The single most powerful political manifesto I’ve ever read was written by Dale Carnegie.
I don’t think he intended to write a revolutionary treatise. But over the years, I’ve found the suggestions contained in his 70-year old book, How to Win Friends and Influence People, are more effective in creating political and societal change than any sit-in, march or demonstration.
One in particular has been proven over and over to be a brilliant political tool: “Always talk in terms of the other man’s interest.” That is, look at it from their perspective, and think about they’re interested in, rather than what’s in it for you.
I been thinking about that since I attended a session on advanced bike traffic planning tools, hosted by Ryan Snyder of Ryan Snyder Associates, at the L.A. Bike Summit on Saturday. He talked about a number of innovative bike traffic solutions, from sharrows and bike boxes, to painted bike lanes and improved signage.
But what really caught my attention were two things:
First was the concept of Road Diets. Simply put, it’s the idea that traffic flow and neighborhoods can both be improved by reducing the number of lanes.
For instance, a typical four-lane street that carries 20,000 vehicles or less a day can often be reconfigured into two through lanes, with a center left turn lane so that turning cars don’t block traffic, while leaving room for bike lanes on either side. This reduction can actually improve vehicle flow, while calming traffic speeds and permitting a dramatic increase in bike usage — and improve safety for both drivers and riders, while revitalizing the surrounding neighborhood.
At its most basic, a bike boulevard is a street, often parallel to a major thoroughfare, that has been optimized to encourage bike traffic. At the same time, it employs various barriers, roundabouts and signal changes to discourage vehicle through traffic.
You don’t have to sell cyclists on the concept of a bike boulevard. Build it, and we will come.
But as Ryan pointed out, the problem for both of these ideas — especially bike boulevards — comes when it’s time to sell local residents and business owners on the idea. With today’s over-congested traffic, very few people are open to the idea of actually reducing traffic lanes.
And no one wants to live on a bike boulevard.
People who live there tend to envision a thundering horde of two-wheeled thugs invading their street, reducing their property values and making them second-class citizens in their own neighborhoods.
Yet the reality is just the opposite. By eliminating through traffic, a bike boulevard will dramatically reduce vehicle traffic, making their street quieter, more peaceful and significantly safer, while local traffic is still able move in and out with ease.
Streets become more walkable, as well as bike-able, encouraging residents to get out and meet their neighbors. And the enhanced landscaping and beautification projects that often are part of a bike boulevard project — in part to get buy-in from the locals — results in a more attractive streetscape.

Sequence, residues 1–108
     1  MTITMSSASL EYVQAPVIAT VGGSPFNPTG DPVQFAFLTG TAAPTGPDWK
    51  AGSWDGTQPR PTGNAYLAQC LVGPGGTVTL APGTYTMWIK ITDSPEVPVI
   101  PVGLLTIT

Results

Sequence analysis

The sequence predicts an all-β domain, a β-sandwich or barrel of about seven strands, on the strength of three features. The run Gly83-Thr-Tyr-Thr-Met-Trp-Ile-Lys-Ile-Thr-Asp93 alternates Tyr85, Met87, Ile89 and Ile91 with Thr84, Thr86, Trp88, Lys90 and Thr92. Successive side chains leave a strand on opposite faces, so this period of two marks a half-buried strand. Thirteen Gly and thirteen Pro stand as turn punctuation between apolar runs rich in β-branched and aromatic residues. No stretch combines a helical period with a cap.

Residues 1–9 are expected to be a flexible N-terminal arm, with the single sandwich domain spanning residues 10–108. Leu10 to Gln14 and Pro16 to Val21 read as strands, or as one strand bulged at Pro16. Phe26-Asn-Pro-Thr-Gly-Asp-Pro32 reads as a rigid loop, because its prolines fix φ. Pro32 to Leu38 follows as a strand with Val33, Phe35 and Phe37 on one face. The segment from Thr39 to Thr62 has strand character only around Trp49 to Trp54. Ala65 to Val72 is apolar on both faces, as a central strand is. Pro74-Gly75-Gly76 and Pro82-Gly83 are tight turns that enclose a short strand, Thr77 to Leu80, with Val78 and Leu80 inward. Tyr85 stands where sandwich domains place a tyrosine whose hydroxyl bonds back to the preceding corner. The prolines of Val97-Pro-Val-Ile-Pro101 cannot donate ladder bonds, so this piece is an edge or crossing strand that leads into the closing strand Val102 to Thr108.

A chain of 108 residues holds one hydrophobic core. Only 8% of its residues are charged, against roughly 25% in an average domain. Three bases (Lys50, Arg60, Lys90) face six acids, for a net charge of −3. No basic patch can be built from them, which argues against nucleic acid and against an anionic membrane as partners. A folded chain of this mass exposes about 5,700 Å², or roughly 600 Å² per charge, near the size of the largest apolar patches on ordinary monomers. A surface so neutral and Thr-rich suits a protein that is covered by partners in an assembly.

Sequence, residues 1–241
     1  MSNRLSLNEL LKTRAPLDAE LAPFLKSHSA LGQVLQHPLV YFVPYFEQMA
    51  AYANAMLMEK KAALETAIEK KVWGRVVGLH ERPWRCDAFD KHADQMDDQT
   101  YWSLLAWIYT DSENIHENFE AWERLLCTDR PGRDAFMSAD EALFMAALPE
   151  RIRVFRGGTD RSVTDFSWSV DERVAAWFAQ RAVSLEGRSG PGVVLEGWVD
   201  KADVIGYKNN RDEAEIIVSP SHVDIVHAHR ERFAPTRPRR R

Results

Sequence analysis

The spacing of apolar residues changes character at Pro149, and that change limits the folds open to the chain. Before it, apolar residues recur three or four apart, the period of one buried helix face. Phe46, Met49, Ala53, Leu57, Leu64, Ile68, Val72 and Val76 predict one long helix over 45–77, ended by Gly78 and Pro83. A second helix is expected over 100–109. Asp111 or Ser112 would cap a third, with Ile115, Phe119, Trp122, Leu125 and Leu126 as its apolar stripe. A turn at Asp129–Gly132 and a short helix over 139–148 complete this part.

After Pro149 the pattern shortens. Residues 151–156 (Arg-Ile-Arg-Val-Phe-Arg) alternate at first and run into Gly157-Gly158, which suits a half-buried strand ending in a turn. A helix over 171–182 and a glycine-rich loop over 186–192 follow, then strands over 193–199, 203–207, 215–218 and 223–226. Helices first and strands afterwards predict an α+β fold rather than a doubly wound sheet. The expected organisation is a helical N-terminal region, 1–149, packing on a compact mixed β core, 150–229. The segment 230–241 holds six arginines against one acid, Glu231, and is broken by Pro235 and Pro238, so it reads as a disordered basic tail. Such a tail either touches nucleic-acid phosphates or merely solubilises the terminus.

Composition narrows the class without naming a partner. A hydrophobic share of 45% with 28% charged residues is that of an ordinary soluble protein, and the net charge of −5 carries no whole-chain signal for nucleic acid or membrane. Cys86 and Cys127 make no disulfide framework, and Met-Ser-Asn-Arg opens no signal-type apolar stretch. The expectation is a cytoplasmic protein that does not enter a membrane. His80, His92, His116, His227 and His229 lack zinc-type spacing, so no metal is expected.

All that adds up to a better, more livable neighborhood. And means that property values could actually go up, not down.
The same holds true for a business district. Reduced traffic flow means less through traffic, resulting in quieter streets less congestion and easier access for drivers who do want to stop and shop. Parking can be improved and streets beautified, creating a neighborhood ideal for strolling or sidewalk cafes, while the extra bike traffic could actually bring more customers to the area.
So we have to do a much better job of marketing — whatever we’re selling. Because the key to getting bike boulevards and the other biking infrastructure, safety improvements, better educated, less biased and more effective police, and acceptance of bike culture, is not to demand our rights, but to look at it from their perspective.
We have to show local authorities, as well as home and business owners, exactly how and why it works to their benefit.
And let them demand it, instead.
Streetsblog offers some great biking links this morning, as well as a good overview of the keynote speakers at the Bike Summit. Gary, Brayj and Drew also offer reviews, though in the latter case, I fear I have once again failed to make a good impression. Will offers links to photos, as well as photos and video of his close encounter with Lance following the Summit. Los Angeles Rides quotes from a New York Times article about riding in the city, and how we make ourselves look bad — and not just by wearing spandex. Bicycle Fixation demonstrates that once again, cycling offers better stress relief than any prescription drug. The Biking Lawyer relates the history of the Stop As Yield Law. And Los Angeles Cyclist offers parts 3, 4 & 5 in his five part story of the Ridiculous Pink Fixie.